The Court’s analysis suggests that sexual orientation may be a ground for Charter protection if one can factually establish that it may threaten one’s life, liberty, or security in a foreign jurisdiction. Because Bowen failed to adduce enough factual evidence to establish that she would be in danger in Grenada, Bowen was not eligible to receive protection under section 7 of the Charter. Bowen’s request to have her deportation stayed was therefore denied.
Canadians, or other individuals living in Canada, can be extradited to other countries where they are alleged to have committed crimes. The Canadian government has a legal obligation to ensure that the sentence upon conviction does not include capital punishment when deporting individuals. The excuse that the punishment does not fit the crime does not hold, as deported individuals can expect to face a sentence that reflects the government of the country seeking an extradition deems fit. When protesting deportation in noncriminal situations individuals must prove that their lives would be unnecessarily put at risk, it is not enough to protest that they would be put into a situation they would find unpleasant.
Robert J. Currie, “Charter without Borders? The Supreme Court of Canada, Transnational Crime and Constitutional Rights and Freedoms” (Spring 2004) 27 Dalhousie L.J. 235.
Peter Hogg, Constitutional Law of Canada: Student Edition 2004 (Toronto: Thomson Canada Ltd., 2004).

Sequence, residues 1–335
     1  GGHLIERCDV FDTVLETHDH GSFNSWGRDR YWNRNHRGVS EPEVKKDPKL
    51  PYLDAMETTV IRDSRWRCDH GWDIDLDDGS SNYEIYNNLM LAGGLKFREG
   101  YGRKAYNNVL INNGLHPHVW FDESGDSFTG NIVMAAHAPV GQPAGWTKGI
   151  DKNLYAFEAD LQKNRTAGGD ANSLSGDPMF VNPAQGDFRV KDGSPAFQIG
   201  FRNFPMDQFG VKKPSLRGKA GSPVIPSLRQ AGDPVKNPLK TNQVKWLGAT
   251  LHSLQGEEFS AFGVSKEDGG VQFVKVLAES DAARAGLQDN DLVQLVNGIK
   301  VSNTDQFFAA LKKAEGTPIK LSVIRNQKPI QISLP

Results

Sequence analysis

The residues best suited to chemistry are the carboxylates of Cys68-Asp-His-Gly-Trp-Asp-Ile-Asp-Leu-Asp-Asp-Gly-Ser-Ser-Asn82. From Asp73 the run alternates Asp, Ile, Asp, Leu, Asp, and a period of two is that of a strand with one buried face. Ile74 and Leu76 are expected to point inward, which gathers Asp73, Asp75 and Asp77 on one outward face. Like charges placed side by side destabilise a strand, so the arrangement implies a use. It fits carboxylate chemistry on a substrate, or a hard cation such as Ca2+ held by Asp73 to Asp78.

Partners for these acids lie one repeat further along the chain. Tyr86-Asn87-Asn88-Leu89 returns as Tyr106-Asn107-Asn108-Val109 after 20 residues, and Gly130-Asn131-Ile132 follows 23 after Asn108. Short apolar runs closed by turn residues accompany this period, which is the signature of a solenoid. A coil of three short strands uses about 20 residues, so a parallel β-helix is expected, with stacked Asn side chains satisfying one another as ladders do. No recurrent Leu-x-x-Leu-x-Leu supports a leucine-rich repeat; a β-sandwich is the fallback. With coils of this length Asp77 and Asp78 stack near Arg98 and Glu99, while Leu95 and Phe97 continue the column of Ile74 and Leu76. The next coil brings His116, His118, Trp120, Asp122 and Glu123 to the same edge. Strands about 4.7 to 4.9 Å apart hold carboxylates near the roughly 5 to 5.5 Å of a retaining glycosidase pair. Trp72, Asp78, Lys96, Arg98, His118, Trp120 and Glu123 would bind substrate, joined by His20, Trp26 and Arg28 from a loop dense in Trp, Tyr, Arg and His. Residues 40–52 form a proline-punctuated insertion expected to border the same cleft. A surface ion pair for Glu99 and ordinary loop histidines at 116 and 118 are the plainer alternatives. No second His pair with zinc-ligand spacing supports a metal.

James W. O'Reilly, “Ng and Kindler”, Case Comment, (1992) 37 McGill L.J. 873.
. at para. 47. The Court quoted a decision of the European Commission on Human Rights, Altun v. Germany
(1983) 5 E.H.R.R. 611.
 Protocol No. 6 to the European Convention for the Protection of Human Rights and Fundamental Freedoms Concerning the Abolition of the Death Penalty
, E.T.S. No. 114
, Article 1.
, supra note 12 at para. 60.
. at paras. 1, 97-99.
Rory Leishman, Against Judicial Activism: The Decline of Freedom and Democracy in Canada (Montreal: McGill-Queen’s University Press, 2006) at 135-164.
See F.L. Morton & R. Knoff, eds. The Charter Revolution & the Court Party
(Peterborough, Ontario: Broadview Press, Ltd., 2000).
, supra note 12 at paras. 85-89.
. at paras. 90-92.
. at paras. 131-132.
 R. v. Smith (Edward Dewey)
,  1 S.C.R. 1045
. Section 12 of the Charter of Rights and Freedoms
states that “Everyone has the right not to be subjected to any cruel and unusual treatment or punishment.”
Peter W. Hogg, Constitutional Law of Canada
, 4th Ed. (Toronto: Carswell, 1998) at 893-894.
., at paras. 3-4.